President Lee Needs
Support From All Parties

NK nukes, financial crisis pose challenges

President Lee Myung-bak has been embattled by a series of difficulties since the moment he took office in February.
Despite his pledge to push the nation to the level of a highly advanced one through a prospering economy, it seems the Chief Executive has been forced to lower his expectations in the face of the growing financial crisis coupled with the increasing threat involving North Korea's nuclear programs.
Lee has been pursuing the economy-first policies, given his career as CEO of a major construction firm, which certainly enabled him to garner the support of the majority in the presidential elections in December last year.
But his ambitious pursuit of such growth-oriented policies has run into a wall with the outbreak of a financial debacle triggered by the subprime mortgage crisis in the United States.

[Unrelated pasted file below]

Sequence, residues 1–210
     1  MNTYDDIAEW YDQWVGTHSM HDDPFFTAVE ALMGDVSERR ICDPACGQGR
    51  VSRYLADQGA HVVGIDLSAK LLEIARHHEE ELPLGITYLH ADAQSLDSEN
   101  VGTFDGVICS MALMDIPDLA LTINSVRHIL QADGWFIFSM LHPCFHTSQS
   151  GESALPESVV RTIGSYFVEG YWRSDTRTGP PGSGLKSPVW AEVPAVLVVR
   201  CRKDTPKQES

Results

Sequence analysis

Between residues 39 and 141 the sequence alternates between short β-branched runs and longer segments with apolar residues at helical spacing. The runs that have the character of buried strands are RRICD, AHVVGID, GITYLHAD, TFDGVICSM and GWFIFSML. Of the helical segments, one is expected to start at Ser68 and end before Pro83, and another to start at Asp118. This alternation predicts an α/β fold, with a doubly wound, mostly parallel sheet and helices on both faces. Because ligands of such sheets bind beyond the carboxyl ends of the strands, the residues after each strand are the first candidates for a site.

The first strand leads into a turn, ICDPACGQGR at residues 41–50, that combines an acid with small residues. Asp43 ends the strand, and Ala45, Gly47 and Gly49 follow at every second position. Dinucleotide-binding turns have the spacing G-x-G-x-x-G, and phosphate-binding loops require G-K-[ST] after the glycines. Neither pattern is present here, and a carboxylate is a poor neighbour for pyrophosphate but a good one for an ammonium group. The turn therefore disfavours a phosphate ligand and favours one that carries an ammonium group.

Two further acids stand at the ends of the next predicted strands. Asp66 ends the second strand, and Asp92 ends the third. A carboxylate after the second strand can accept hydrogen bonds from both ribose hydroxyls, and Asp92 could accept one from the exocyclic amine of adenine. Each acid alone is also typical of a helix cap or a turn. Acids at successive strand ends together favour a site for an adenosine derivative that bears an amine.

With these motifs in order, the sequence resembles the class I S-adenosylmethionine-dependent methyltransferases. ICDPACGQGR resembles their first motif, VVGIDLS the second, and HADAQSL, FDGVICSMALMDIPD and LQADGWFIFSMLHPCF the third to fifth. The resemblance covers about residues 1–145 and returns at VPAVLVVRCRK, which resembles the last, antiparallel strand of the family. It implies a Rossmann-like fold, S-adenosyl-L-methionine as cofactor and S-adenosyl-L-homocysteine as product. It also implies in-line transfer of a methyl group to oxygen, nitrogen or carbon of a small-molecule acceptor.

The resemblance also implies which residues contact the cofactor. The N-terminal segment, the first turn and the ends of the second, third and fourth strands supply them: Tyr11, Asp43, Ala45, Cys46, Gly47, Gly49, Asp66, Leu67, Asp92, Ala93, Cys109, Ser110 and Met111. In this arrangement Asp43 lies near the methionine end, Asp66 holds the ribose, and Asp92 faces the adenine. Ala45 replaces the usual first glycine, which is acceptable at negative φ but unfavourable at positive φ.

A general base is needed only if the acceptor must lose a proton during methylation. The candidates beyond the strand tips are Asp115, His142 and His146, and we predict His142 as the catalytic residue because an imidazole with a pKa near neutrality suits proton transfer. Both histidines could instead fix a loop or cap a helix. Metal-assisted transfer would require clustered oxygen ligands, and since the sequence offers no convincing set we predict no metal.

Experts are of the notion that the current crisis will not be solved for at least two to three years given the seriousness and depth of the problems.
Aware of the significance, world leaders began to wrack their brains to come up with a package of measures to help find a solution to the financial crisis.
Following the lead of the global move to cope with the market's turmoil, the Korean government also decided to provide guarantees on bank'sforeign currency debts from overseas, up to $100 billion, until June next year as part of efforts to encourage an inflow of dollars to stabilize the local currency market.